Central Illinois Organizations Receive Federal Funding To Integrate Medical & Behavioral Health Services

August 16, 2019
 
Promise Healthcare
Courtesy of Promise Healthcare Facebook page

The U.S. Department of Health and Human Services recently awarded grants totalling $2.1 million to address the opioid crisis in central Illinois and improve the quality of behavioral health services.

One of those recipients if Promise Healthcare in Champaign, which received nearly $167,000.

The organization’s community clinic, Frances Nelson, caters to patients who are uninsured or underinsured.

Executive Director Nancy Greenwalt said the money will be used to hire new providers for their community health clinic, Frances Nelson Health Center, which serves patients regardless of ability to pay.

Greenwalt said she hopes to hire a manager of integration to start work in September. The manager would focus on coordinating care for patients who have both medical and mental health needs and providing referrals to outside treatment providers when needed.

The funding will also enable Frances Nelson to hire a clinician who will use evidence-based screening tools to identify people who may be in need of treatment for substance use disorders or other behavioral health conditions.

“We do want to, as a primary care provider, catch our patients earlier, so that we can provide education, maybe some counseling,” Greenwalt said, “and when necessary, a referral and recommendation to get care when the patient is ready and when it’s needed.”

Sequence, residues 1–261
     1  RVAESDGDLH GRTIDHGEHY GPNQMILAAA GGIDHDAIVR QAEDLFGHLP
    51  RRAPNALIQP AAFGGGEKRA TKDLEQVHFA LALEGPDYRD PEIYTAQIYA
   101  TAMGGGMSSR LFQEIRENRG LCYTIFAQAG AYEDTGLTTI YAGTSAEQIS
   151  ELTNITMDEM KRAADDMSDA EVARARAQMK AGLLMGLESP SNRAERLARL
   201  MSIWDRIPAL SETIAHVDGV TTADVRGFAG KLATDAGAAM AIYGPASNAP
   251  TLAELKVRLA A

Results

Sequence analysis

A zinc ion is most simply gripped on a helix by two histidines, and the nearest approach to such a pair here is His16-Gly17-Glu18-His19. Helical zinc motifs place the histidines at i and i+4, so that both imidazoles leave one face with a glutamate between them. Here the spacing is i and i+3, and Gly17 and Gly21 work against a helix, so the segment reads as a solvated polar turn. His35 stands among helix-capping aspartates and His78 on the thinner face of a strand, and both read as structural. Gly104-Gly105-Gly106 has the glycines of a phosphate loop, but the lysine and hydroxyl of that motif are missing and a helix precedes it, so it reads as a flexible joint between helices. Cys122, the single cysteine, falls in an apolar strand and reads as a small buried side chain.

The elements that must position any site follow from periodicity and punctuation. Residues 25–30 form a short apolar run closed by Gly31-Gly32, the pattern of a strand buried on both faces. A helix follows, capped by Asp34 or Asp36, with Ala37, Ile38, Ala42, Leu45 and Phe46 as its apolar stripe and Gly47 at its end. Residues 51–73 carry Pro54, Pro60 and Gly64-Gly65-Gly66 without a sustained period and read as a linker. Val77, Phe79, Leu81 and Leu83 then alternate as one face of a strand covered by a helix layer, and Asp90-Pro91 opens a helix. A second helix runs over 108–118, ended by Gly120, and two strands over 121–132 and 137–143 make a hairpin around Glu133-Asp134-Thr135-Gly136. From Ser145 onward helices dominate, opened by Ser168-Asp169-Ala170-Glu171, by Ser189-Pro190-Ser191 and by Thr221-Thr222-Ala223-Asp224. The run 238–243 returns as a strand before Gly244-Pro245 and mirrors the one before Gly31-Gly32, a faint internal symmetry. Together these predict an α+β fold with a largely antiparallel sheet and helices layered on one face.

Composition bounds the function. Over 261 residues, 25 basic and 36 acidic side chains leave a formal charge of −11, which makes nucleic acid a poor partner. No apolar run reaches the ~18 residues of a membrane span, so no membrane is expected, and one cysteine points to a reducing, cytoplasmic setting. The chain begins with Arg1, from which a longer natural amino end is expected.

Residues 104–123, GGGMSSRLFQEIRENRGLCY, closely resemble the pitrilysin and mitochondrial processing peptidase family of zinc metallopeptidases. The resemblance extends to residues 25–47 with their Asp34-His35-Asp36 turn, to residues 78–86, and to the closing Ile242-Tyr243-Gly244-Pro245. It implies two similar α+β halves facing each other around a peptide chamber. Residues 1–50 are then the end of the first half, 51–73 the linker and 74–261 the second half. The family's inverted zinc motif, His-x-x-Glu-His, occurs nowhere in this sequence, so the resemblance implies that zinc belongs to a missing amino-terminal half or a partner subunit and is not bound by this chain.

Greenwalt said the funding will help Frances Nelson improve the primary care services they provide, by helping clinicians identify needs patients have that may extend beyond their medical condition.

For example, she said, some patients may lack of access to transportation, which can make it harder for them to get needed medications. Others may benefit from reminders to schedule appointments or renew prescriptions. Greenwalt said she’d like to explore the use of electronic health records to provide more seamless care to patients.

In a statement announcing the funding last week, U.S. Senator Tammy Duckworth of Illinois says the grants are critical to help community health centers across the state provide much-needed services to stem the opioid crisis.

Other central Illinois providers who received funding through the Integrated Behavioral Health Services Program of HHS include Chestnut Health Systems in Bloomington, Heartland Community Health Clinic in Peoria, Community Health Improvement Center in Decatur, Cass County government (which operates health clinics in the towns of Virginia and Beardstown), and Central Counties Health Centers and the Southern Illinois University School of Medicine, both in Springfield.

Also, Gibson Area Hospital and Health Services in Gibson City will receive $1 million in funding from HHS' Rural Communities Opioid Response Program.

Follow Christine on Twitter: @CTHerman

Story source: WILL